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Russian Energy Policy: Moscow's Newfound Clout

Recorded on March 2, 2006

Location: The Heritage Foundation's Lehrman Auditorium

Russian energy policy took on a new dimension in January when the natural gas supplied to Ukraine was suddenly cut-off over a longstanding contract dispute between the two countries. Though the flow of gas would eventually be restored, the episode highlighted the new found clout Moscow enjoys with not only its immediate neighbors, but also the whole of Western Europe. In the days of the Soviet Union, it was Moscow's military strength that the world came to fear. 15 years after the end of the cold war, a new economic weapon has emerged in the Russian arsenal - oil and gas.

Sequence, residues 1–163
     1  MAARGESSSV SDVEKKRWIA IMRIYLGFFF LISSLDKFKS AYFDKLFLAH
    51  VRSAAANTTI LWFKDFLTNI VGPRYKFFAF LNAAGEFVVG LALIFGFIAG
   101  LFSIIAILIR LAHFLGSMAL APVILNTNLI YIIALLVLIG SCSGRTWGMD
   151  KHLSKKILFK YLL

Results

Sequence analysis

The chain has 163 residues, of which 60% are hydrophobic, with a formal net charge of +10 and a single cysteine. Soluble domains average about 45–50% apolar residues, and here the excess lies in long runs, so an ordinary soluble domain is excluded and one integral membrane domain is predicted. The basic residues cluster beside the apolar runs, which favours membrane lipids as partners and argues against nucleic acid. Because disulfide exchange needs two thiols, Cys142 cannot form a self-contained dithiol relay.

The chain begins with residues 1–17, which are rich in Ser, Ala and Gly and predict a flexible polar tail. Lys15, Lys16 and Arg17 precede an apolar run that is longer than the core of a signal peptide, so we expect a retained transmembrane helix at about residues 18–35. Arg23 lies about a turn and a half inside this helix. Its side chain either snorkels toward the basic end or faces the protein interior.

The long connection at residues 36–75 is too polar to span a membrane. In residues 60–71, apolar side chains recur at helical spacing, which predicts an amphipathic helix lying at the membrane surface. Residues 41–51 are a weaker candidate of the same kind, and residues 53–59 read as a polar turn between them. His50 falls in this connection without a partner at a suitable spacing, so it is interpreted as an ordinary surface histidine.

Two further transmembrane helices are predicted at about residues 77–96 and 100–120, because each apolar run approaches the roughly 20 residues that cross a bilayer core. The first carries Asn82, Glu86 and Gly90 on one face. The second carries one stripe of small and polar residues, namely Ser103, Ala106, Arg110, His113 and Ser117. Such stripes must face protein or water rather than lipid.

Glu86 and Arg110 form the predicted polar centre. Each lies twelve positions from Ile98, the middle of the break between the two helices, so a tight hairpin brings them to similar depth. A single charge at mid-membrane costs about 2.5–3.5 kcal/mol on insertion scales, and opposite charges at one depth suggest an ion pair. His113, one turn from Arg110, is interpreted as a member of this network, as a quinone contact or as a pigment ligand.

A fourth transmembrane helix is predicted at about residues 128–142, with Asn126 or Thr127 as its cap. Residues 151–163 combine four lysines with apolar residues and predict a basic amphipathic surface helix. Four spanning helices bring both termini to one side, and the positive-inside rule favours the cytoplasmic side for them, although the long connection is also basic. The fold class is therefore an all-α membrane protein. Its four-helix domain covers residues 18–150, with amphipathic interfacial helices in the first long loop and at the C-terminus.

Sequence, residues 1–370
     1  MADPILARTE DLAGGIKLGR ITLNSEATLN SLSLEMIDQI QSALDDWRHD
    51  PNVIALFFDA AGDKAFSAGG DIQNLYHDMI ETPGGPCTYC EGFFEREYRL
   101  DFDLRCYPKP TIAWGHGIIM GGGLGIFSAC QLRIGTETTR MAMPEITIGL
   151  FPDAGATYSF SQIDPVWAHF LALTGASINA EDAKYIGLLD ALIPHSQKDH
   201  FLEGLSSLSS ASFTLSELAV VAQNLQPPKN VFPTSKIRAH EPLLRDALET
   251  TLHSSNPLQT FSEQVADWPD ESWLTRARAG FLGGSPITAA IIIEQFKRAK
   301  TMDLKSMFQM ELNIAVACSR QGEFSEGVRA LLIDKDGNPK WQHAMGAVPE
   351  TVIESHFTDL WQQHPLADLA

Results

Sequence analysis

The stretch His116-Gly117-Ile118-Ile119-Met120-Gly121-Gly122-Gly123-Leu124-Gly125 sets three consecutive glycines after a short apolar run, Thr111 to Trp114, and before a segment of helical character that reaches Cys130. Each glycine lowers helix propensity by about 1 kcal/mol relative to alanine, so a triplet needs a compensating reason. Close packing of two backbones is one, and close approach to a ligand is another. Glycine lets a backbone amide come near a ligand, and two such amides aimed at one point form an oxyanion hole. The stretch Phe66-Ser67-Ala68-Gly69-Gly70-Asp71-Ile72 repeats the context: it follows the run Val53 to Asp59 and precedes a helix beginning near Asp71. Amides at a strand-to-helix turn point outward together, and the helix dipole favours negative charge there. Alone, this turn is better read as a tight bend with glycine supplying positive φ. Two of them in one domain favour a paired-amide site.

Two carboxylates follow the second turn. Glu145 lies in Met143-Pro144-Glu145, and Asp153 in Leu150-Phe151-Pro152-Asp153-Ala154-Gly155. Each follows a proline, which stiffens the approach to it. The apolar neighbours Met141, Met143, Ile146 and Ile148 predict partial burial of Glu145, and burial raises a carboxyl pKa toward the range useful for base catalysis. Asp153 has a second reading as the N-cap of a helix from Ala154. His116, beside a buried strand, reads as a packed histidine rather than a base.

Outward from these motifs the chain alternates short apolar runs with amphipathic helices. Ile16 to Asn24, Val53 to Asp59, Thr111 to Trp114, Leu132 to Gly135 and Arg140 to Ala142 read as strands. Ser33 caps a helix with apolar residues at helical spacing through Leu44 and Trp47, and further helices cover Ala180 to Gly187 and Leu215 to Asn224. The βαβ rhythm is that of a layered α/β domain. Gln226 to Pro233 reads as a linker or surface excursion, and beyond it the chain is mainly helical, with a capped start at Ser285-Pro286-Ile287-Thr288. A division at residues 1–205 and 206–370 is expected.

This panel discussion, highlighting The Russia Foreign Energy Policy Report Series that is being currently published in London, will establish the confluence of Russian foreign policy with the acquisition of foreign energy assets by Russian entities. The series focuses on nine specific country profiles in such areas as oil, gas, electricity, and nuclear power industries. Each report written by an author of international standing, explains how Russian foreign energy downstream mergers and acquisitions are transpiring to consolidate the newly acquired Russian influence. Join us on March 2nd as we examine the implications of Russian energy policy, including energy asset acquisitions in countries such as Kazakhstan, Belarus, Ukraine, and Bulgaria.